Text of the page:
The CARA (Centro di Accoglienza per Richiedenti Asilo: Hosting Centre for Asylum Seekers) opened in Mineo, Catania on the 18th March 2011. It was opened in response to the “the nation’s state of emergency,” declared by the then Berlusconi government in response to the migration towards mainland Europe from the revolutions underway in North African countries and the war in Lybia. According to government designs the “Villaggio della Solidarieta” in Mineo would provide an Italian model of a European refugee centre. It recycled a gated community modelled on the layout of an American town, which had been purpose built for the American military, who were due to leave in 2011 on the expiry of their contract.
The “five stars” of the residence transformed into a CARA and its 404 small villas immersed in a countryside of orange groves, have caused quite a stir on parliament websites, in the declarations of observers and in the EU parliament in recent months. These glimpses of the Mineo CARA experience viewed from afar selectively and smugly captured the buildings and countryside, whilst neglecting the lives of the inhabitants and ignoring how their lives were unravelling in this protracted suspension. The administrators from Caltagirone were asked to do the same thing, to ignore these people when, advisor after advisor from ex- Minister Maroni’s team recommended that the centre was not referred to in terms of the “golden prison” and they promised to compensate the 15 local councils in the area with PonSicurezza funds for the effects of outsiders being brought in.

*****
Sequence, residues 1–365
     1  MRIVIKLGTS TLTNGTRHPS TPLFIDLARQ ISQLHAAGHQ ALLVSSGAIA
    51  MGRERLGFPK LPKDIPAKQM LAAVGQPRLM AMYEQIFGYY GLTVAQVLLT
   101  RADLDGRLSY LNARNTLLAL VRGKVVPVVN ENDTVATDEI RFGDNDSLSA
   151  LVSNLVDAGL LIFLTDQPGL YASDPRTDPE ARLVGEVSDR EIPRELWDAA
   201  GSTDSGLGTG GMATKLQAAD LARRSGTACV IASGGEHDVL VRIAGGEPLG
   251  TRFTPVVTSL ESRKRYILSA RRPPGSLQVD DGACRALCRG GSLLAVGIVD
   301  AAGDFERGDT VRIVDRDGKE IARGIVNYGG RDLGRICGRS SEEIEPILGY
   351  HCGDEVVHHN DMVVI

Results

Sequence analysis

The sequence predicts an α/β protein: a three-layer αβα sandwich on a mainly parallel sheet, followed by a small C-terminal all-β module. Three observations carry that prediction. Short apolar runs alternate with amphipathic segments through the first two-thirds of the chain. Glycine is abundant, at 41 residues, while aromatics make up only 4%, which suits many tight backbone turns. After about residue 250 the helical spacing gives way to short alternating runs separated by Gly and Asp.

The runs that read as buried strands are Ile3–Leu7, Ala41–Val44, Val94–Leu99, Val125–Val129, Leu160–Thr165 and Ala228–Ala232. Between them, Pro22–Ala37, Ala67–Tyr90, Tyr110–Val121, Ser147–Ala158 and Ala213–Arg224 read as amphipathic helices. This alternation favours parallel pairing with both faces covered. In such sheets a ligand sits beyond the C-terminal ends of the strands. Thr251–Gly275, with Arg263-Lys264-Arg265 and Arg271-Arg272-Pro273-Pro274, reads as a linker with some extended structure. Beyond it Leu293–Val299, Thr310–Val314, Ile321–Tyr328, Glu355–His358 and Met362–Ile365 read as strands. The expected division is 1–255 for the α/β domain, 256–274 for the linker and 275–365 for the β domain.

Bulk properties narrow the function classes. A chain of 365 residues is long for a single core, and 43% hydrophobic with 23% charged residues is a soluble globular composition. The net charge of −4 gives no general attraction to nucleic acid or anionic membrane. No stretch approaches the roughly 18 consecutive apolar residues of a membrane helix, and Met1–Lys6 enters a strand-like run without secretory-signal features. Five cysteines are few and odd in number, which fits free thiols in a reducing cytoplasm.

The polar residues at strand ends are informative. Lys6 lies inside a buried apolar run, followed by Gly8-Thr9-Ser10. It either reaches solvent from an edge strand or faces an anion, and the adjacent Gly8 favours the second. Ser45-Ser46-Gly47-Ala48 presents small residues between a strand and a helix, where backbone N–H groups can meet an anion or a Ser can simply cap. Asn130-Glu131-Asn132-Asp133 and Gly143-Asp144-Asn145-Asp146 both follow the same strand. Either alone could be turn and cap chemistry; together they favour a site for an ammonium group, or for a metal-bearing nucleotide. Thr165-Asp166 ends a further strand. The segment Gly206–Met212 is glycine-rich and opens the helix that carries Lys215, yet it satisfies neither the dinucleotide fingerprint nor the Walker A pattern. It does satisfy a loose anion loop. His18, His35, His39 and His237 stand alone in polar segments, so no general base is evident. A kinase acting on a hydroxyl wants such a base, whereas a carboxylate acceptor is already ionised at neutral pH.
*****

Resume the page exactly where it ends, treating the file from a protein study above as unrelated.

Nonetheless, activists and journalists who have worked inside Mineo have documented the segregation which the asylum seekers are subjected to as a “five star hell”, a “non place”, a “golden prison”, a “luxury concentration camp” and have paid testament to the over 5,000 people who have passed through the CARA since March 2011. The asylum seekers and refugees who live in Mineo, refer to it as a “camp”, which conveys the sense of the precariousness of their “camp lives” which they have experienced in this Italian “Refugee Centre”, or “prison yard” as one of the refugees has come to call it. This serves to emphasize the capture of existence that this suspension produces.
This piece is presented as a collection of stories yet also a documentation of dates and accounts to record the coping strategies that the migrants have developed against the violation of power, the artificial economy, the protests and the checks which make up daily life at the Mineo CARA: from the canteen menu to the irregularity of many of the women’s menstruation cycles; from the bus service that goes to Catania to the amount of time it actually takes to get to the bus stop from the centre; from the paradoxical concept of “pocket money” to food poisoning; from the endless cigarette breaks taken by the Commission during official hearings to the absence of cultural mediators who can competently translate the migrants’ stories; from the disconcerting range of products on offer in the centre’s bazar to the prohibited products that go in and out of the centre….just to give a few examples.
Report of 12 pages: read complete report from storiemigranti.org